You should prepare some answers to the questions you're expecting. You should also prepare some questions to ask them yourself. Some common questions you could prepare answers for are on the next page.

12 Common Job Interview Questions


Here are some common interview questions and some quick tips for ways you could answer them.

1. Tell us about yourself.

  • Talk about school and work - don’t talk about your personal life.

  • Be brief - try to speak for no more than two minutes.

  • Use this as an opportunity to demonstrate your communication skills.


2. What do you think this position involves?

  • You can only properly answer this if you’ve researched the company and the job.

  • Pay attention to what they say about the job and the company, then try putting it into your own words.


3. Why do you want this job?

  • Show that you know about the company and prove you’ve done your homework.

  • Tell them why you’re the right person for the job.

  • Don’t sound like you’re desperate!


4. What are your strengths?

  • Know at least five things you’re good at.

  • Make your strengths relevant to the job.

  • Keep your answers short.


5. What are your weaknesses?

  • Turn a negative into a positive.

  • Talk about what you’re doing to overcome your weaknesses.

  • Make it relevant to the job.

6. Tell us about a time when things went wrong and what you did to fix it.

  • Prepare two or three examples in advance.

  • Make your examples relevant to the job.

  • Show that you have initiative.

7. How do you deal with conflict in the workplace?

  • This question tests your ‘people’ skills.

  • Conflict could be a conflict of opinion or ideas.

  • Conflict could also be a personality clash.

  • Not all conflict is negative - it can inspire creative solutions to problems.

  • Demonstrate your ability to resolve issues.

8. Give us an example of how you have worked as part of a team.

  • Prepare an example that demonstrates how you fit into a team - you could either be the leader or the one who's good at following orders.

  • If you don’t have paid work experience, talk about work experience you’ve done for school, volunteering, school projects, sport or a hobby group you belong to.


9. What has been your biggest accomplishment so far?

  • You don't have to have done something earth-shattering - small things done well can be just as impressive.

  • Think of something you've done at school or work that you're proud of or happy with.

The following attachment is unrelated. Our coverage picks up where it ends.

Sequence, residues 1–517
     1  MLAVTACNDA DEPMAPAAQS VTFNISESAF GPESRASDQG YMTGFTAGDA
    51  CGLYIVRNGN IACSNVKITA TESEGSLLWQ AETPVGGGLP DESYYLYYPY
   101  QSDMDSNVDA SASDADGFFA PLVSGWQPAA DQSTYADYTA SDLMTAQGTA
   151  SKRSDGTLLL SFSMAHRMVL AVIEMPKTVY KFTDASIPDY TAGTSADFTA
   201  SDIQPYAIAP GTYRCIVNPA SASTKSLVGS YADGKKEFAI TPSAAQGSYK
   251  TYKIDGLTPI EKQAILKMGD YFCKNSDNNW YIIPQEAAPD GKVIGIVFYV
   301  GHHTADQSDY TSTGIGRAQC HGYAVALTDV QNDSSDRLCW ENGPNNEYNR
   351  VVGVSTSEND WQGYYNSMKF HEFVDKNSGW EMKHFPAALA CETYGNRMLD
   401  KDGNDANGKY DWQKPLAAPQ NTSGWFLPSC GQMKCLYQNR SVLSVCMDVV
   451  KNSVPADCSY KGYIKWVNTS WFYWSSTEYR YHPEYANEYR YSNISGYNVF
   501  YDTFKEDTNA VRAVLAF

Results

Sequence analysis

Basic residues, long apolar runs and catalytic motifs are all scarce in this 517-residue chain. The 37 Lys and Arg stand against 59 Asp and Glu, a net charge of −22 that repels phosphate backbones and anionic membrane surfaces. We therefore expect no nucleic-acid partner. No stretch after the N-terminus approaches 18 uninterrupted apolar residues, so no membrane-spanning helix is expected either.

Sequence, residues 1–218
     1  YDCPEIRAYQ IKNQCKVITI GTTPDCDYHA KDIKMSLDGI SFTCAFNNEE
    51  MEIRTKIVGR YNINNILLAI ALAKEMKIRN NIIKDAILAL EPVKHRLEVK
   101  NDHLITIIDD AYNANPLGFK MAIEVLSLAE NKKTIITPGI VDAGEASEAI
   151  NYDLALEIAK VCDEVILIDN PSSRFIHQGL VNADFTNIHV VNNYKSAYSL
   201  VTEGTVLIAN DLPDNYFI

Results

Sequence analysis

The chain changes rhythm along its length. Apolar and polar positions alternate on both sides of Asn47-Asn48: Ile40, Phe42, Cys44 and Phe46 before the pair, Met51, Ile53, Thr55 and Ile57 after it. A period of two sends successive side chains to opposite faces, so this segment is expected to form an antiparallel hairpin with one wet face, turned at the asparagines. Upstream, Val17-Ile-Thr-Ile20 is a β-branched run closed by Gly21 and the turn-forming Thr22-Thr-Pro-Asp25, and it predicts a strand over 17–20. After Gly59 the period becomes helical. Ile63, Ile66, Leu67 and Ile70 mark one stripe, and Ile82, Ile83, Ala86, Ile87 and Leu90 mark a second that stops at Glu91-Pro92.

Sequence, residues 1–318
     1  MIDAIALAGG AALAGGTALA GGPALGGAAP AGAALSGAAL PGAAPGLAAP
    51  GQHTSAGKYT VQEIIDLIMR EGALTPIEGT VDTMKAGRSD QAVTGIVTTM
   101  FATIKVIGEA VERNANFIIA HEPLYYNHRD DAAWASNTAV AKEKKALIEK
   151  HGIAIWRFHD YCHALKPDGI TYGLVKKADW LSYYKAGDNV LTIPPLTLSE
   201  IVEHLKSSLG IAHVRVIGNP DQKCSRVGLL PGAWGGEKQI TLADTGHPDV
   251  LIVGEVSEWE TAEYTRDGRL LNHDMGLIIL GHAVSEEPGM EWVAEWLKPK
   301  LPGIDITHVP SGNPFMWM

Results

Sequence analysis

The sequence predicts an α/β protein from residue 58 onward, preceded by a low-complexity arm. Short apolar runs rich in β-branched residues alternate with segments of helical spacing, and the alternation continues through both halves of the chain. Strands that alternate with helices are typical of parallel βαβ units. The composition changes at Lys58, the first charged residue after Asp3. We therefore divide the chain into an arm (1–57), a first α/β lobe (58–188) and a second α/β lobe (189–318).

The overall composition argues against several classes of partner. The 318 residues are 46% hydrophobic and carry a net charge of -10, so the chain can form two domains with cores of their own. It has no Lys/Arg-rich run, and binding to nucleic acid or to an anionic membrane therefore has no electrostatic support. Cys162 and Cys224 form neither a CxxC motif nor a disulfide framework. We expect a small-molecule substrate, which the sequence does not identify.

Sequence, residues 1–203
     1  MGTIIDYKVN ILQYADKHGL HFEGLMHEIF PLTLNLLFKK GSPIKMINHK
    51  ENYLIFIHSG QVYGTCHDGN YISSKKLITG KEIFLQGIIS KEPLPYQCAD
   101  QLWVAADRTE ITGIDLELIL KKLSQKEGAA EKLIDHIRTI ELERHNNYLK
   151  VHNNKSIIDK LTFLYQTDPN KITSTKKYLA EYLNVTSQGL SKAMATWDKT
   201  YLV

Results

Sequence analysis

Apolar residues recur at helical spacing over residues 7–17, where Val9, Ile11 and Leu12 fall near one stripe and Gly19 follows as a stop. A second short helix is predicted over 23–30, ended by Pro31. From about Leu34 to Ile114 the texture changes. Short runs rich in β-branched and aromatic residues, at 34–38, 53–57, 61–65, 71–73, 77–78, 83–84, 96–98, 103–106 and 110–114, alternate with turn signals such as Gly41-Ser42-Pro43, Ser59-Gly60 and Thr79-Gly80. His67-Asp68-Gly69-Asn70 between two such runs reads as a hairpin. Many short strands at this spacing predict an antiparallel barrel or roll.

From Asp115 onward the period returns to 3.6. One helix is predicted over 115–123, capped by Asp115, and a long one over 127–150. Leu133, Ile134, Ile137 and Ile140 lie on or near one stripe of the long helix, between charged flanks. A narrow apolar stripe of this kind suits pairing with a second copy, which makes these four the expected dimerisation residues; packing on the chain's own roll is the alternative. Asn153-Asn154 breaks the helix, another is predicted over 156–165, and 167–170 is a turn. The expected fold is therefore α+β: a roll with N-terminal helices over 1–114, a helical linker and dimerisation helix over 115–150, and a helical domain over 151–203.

• If you're just starting out in work you could talk about what you hope to accomplish in the future.

  • Be honest - don't make anything up!


10. What are your goals? Where do you see yourself in five years?

  • Talk about work or study - don’t talk about your personal goals.

  • Try to connect your goals to the company and the job.


11. When can you start and what’s your availability?

  • It's important to know the answer to this one before you come to the interview.

  • Do you have to give notice to your current employer? Check your contract or agreement.

  • Do you want to take a break between jobs for some rest and recreation?

  • Are there any days or times you’re not available?

  • Try to be flexible.


12. Any questions for us?

  • It’s OK to ask the interviewer about the salary range during the interview.

  • Try to ask specific questions about the company and the role

  • If you’re stuck, ask:

    • How would you describe the culture here?

    • What would I be expected to do on an average day?

    • What would be the top three priorities for this job?


Post High School Resources

What’s Coming Up

Check back here from time to time to see what events are coming up.


Indivual Transition Plan

This sheet will give the IEP team ideas on how to assist you with your post-secondary goals.

Apply to    community college

If you want to attend community college download these easy step by step directions to help you get started.

Financial Aid  resources

Click on the links below for the FAFSA application and the directions.


Do you want extra resources to help with navigating life after High School? Please click on any of the links below.

College Fair


Do you want more information on a specific college? Do you need to figure out where to go to college at? Come check out our College Fair

Transition Fair


Come to San Gabriel Valley ROP where you can get information about resources for after High School.

Community College Campus Tours

Join your fellow students on a campus tour of the local community colleges. Learn where the departments are on campus and learn how to get support.

Citrus College


Pasadena City College 



Pleases reach out if you are interested in more information.